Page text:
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Should You Translate From Your First Language When You Write in English?

Answering a question from a YouTube follower

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I’ve recently received this comment on one of my YouTube videos.

Hi Fabio! I’m Italian and I’ve got a question about improving writing in English. Were I to “think in English”, should I translate sentences or full articles from Italian or not? I love writing, when I write something I’m not capable of using simple grammar patterns though. I do usually think of using tricky structures such as inversion, cleft sentences etc or how to use punctuation in the right way as well. The final result is an unmitigated disaster.

Here’s what I replied.


So great to hear you love writing! I love it too. You say you can’t use simple grammar patterns. But you do need good grammar to write well. 

So I have a question for you: what’s one little thing you could start doing today to improve your written grammar? 


Some say you must avoid it at all costs. I disagree. But I wouldn’t recommend translating everything you put on the page. First, translation doesn’t always work because not everything is translatable. Second, relying heavily on translation will result in an Italian-looking text that will either make little sense or, worse, be incomprehensible in English. 

Imagine translating, “Io ho visto un bel film ieri” (I saw a nice movie yesterday). You’d be tempted to write “I have seen a nice movie yesterday” [I (io) have (ho) seen (visto) a (un) nice (bel) movie (film) yesterday (ieri)]. But you wouldn’t want to write that as your message would be unclear.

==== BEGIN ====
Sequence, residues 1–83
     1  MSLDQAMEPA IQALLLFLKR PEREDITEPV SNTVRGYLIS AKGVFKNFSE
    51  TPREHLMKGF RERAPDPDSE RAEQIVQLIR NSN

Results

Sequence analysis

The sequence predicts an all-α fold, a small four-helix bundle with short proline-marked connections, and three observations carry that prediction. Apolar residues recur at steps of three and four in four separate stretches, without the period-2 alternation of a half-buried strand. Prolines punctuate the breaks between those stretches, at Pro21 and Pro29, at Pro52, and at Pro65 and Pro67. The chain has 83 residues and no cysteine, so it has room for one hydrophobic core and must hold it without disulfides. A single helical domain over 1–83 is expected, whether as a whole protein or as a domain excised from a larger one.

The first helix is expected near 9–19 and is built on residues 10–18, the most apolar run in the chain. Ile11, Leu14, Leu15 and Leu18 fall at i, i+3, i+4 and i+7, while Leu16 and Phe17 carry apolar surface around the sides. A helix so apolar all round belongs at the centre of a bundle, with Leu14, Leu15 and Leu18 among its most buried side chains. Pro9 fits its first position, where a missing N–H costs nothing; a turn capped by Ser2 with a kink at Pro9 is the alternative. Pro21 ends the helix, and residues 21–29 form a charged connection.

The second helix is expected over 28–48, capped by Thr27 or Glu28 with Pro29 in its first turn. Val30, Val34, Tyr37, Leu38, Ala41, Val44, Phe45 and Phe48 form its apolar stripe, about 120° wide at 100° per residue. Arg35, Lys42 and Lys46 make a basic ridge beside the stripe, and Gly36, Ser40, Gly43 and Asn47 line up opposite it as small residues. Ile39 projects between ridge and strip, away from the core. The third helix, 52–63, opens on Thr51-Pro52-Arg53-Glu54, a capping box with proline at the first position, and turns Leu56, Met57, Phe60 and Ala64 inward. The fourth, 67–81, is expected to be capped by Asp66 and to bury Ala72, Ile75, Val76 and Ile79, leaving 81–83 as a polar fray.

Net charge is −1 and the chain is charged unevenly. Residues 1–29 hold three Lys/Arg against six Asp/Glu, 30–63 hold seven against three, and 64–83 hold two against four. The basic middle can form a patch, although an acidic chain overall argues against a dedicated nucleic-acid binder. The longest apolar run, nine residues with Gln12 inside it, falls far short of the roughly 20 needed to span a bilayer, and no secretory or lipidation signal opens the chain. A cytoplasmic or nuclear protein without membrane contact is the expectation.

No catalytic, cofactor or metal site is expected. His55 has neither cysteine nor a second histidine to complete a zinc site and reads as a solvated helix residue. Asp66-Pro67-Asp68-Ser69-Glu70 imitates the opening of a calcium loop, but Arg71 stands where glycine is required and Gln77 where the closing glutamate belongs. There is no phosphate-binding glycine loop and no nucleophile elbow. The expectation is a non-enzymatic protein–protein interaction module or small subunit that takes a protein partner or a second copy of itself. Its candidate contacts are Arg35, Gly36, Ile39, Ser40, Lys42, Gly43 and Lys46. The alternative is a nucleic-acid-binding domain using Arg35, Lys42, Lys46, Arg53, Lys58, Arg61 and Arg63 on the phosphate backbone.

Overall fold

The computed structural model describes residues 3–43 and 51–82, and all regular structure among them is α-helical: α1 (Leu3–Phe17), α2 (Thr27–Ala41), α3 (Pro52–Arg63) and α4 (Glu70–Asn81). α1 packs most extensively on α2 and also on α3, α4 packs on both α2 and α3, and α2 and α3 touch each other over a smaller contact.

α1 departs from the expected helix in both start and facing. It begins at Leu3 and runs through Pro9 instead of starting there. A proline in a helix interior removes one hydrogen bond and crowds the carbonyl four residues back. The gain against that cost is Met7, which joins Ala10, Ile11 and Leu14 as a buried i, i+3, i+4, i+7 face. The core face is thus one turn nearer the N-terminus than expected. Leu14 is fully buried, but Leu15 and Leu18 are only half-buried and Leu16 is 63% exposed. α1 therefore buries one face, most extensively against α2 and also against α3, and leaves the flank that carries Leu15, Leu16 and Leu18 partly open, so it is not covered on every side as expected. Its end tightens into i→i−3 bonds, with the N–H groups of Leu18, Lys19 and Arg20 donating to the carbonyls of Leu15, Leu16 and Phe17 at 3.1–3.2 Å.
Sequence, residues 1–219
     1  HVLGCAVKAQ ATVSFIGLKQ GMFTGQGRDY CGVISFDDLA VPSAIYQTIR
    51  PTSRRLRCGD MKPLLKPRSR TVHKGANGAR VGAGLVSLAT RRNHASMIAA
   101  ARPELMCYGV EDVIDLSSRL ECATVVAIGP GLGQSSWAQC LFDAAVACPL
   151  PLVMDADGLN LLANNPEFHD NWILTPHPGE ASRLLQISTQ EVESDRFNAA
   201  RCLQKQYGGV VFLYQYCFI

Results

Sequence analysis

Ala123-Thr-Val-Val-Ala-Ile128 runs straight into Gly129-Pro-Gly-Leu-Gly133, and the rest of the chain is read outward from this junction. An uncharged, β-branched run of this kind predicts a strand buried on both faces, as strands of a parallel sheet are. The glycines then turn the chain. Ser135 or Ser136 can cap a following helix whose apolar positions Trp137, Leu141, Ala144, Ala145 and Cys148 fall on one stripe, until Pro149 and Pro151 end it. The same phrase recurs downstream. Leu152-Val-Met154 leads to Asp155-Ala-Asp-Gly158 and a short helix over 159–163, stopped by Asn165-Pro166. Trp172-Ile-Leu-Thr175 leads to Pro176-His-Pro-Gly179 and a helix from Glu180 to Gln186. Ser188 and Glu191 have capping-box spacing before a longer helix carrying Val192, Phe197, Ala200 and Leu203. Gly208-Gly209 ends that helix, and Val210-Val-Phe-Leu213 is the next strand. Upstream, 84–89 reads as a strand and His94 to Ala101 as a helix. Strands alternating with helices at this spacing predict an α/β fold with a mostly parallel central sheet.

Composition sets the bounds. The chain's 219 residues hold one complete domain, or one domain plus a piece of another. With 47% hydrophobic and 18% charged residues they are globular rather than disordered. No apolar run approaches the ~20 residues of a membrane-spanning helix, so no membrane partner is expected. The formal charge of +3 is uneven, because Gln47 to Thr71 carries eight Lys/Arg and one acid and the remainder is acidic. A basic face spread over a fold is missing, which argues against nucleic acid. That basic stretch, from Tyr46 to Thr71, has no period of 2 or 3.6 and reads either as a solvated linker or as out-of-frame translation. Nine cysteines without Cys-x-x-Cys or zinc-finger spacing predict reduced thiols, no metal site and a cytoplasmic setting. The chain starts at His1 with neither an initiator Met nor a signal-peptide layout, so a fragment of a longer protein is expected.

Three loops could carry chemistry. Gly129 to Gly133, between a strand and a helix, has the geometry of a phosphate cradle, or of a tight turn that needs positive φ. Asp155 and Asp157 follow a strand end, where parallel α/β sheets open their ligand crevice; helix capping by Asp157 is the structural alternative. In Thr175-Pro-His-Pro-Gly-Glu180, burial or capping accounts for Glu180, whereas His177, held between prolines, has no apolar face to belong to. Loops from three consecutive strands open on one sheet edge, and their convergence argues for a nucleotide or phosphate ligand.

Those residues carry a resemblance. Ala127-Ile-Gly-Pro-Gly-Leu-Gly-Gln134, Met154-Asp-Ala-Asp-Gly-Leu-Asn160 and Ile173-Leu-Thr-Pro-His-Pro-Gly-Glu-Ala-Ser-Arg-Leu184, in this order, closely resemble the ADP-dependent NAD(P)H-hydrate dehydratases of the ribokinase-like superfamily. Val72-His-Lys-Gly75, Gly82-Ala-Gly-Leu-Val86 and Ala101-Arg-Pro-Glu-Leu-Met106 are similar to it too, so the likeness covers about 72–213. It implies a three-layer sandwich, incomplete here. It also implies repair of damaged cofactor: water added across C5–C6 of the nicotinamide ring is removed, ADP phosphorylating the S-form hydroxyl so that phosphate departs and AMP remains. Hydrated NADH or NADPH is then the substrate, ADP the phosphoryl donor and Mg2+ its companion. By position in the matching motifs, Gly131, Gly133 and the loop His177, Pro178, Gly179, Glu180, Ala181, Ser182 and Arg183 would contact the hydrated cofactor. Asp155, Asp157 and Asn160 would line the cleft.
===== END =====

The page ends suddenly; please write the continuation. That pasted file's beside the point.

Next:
Tip: Write using the English you already know. Write using what you already have because you can’t use what you don’t have. But resort to translation when you can’t express a particular idea because you don’t have the right expression or grammar structure. 

Whether you like it or not, your first language is already there in your brain. Why not use it to make your life easier? I still use translation after many years of speaking, teaching and learning English. Shamelessly do that too if you find it useful.

Second tip: Work on expanding “the English you already have”.

“Tricky structures such as inversion, cleft sentences etc”

The simpler you write, the better. Don’t use “advanced grammar” (what’s “advanced grammar” by the way?) only because it’s in an “advanced grammar” book. Use inversion, cleft sentences and complex structures because those are the best possible tools to convey the idea you want to express. Language serves ideas, not the other way around.

“The final result is an unmitigated disaster.”

Welcome to the world of learning to write in your second language 🙂 Please don’t stop doing it if you love it! It’s all much easier than you think.

Thanks for this question. It got me writing! I hope my answer will inspire you to write too.

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